Six thirty in the morning, and we are out of our slip and already rigging fishing lines. Sandy is a retired painting contractor who hung up his paintbrush 20 years ago and now makes his life on the boat. The Captain, Chad, is his son and with the exception of short stints in college and with the National Park Service, he has known no other life but that of a fisherman.
As Sandy sets each one of five huge streamer lures on a 500# test leader, I ask him how it is we can be setting lines already and not fowling on structure below. To my astonishment he answers, “There is no structure, we’re in 5 thousand feet of water. It just slopes off right away.”
To this Lake Erie fisherman, that is something completely new. There is no shelf here, we fish only the ocean currents. There are no resident fish as well. Every Marlin, Sailfish, and Mahi-Mahi is just passing by the fertile feeding grounds that run past the Big Island, so there is no chance of over-fishing an area too. Should we hook a marlin, the crew will make a quick call to the fish market to see if we should bring it in or tag it and release it to migrate on to other waters of the wide Pacific Ocean.
This isn’t the Great Fishing Expedition, we’re only out for four hours this morning. It’s more like “Once around the park”, or as Captain Chad puts it, an introduction to big water fishing. I sit on the bridge talking to Chad about fighting various fish and what to expect out of a billfish, his own work fighting invasive species for the park service and just generally shooting the bull. After you learn how to rig the lines and what to do SHOULD we get a bite there’s not much else to do and, for the most part, it’s a pleasure trip, motoring around. We watch the sun rise behind the volcanic peak of Mauna Loa, we watch the little island villages wake up, and I come to realize that in the expression “Deep Blue Ocean” the word “deep” refers to the color blue, and not the depth of water. Still, I can’t stop thinking about it; FIVE THOUSAND FEET OF WATER!
Below, my new friend, Joe Schofield, and I sit on the coolers throwing question after question at Sandy, picking at a lifetime of major league Pacific fishing experience. Joe’s a saltwater man from Florida, and what we’re doing today on a marlin boat is as new to him as it is to me. But Sandy’s a pro, and he takes each naïve, ignorant query of ours with the best of humor. Honestly, he faces much worse questions on any given day than what Joe and I can do. How much line is on a reel? Did you ever run the spool? What’s it like hooking into a thousand-pounder? Yeah, we’re like a couple of kids here, but it’s like getting to interview Joe Dimagio for me. When we run out of topics, Sandy hits us with a blindsider. “Are there any cancer people on board today?” We look at each other trying to figure what, exactly, he means. I’m thinking I could say that I’m a Leo, but that can’t be where he’s going with this.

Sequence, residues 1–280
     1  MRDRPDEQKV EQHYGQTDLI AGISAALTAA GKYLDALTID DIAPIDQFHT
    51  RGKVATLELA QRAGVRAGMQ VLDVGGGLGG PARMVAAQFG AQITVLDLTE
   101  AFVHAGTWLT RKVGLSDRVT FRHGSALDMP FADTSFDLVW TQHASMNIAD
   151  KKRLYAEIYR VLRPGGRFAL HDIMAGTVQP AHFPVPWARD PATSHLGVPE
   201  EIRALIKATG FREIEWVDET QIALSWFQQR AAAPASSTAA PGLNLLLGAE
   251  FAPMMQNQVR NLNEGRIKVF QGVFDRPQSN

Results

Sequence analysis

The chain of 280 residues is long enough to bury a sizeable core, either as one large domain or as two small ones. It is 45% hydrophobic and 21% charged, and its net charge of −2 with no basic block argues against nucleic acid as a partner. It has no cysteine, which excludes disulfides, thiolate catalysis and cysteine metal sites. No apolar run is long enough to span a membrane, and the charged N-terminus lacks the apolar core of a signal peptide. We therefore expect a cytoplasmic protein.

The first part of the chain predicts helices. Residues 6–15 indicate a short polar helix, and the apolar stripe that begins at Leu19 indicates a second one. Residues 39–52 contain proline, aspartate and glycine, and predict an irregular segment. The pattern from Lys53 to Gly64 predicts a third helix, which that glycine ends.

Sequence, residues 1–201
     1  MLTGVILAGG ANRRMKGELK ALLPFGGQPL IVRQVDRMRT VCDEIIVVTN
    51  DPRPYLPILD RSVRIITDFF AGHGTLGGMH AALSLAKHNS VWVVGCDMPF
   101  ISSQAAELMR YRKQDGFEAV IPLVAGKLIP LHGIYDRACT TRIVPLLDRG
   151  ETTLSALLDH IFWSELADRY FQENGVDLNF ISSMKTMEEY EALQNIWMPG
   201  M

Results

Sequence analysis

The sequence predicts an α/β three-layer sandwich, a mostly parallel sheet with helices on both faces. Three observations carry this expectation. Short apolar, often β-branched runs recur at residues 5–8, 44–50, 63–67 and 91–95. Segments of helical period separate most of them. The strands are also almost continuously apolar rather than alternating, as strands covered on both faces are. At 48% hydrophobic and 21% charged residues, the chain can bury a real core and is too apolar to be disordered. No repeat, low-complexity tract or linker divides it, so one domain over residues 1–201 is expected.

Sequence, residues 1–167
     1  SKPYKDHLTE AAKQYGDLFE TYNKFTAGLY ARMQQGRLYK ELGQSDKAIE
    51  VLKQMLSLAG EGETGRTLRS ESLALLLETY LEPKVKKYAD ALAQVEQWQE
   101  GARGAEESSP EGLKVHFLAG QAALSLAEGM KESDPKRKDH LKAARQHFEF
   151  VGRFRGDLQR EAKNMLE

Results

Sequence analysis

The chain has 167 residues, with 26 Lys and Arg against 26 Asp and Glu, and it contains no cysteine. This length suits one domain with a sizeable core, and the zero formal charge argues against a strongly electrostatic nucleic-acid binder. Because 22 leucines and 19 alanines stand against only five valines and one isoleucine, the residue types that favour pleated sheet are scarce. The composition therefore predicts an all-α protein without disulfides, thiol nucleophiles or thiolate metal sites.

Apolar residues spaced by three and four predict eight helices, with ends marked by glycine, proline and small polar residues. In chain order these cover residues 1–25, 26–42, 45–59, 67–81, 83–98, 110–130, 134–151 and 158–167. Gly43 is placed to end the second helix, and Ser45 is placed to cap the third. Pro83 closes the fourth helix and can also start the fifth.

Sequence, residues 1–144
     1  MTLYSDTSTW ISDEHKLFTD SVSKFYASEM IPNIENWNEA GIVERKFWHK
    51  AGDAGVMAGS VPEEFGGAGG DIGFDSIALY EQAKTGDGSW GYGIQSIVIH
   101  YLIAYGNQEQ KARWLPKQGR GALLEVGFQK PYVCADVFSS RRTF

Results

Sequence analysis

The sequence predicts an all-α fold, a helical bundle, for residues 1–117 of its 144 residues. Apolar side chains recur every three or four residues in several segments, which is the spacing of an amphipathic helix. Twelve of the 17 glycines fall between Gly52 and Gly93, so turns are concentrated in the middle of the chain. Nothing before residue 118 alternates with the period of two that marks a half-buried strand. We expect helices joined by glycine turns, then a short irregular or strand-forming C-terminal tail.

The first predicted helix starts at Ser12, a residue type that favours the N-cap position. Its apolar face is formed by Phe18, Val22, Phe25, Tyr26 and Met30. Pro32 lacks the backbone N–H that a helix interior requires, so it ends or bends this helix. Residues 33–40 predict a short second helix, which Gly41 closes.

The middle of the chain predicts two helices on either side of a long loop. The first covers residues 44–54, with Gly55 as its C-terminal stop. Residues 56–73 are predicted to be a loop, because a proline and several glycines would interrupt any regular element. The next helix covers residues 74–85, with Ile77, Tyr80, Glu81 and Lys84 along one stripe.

He begins his goodwill pitch: “I want to tell you guys about a website called CancerCompass.com Six years ago I got a terminal diagnosis. I’ve been through surgery and pills and every kind of treatment they can throw at me. The information, and support of other people I’ve gotten from that web site has done more for me than all the doctors and clinics put together.” Our little fishing talk has taken a very strange and serious turn. “So, every trip out on the boat I make it a point to tell people about CancerCompass.com and what it’s done for me.” After that Sandy and I sat on the fantail and had quite a talk; him sharing his personal fight and me my family’s battles with cancer and how it affects us. It was surreal to be in paradise, so close to the lifestyle I idolize, and to be talking about such a painful thing. One fishing trip at a time, Sandy spreads the word about this website that’s helped him, doing what little he can do.
So, if you’re reading this Sandy, here’s a little boost of Outdoors Page readers to your mission. Buddy, for what it’s worth, you’re living my personal bucket list every day on that boat. Live Strong.
Instantly there’s a high whining noise, “WHIIIIIIZZZZZZZZZZZZZZZZZ!!!” Captain Chad jumps out of his seat so fast I think he’s going to fall off the bridge. “HOH, BIG FISH!” he screams.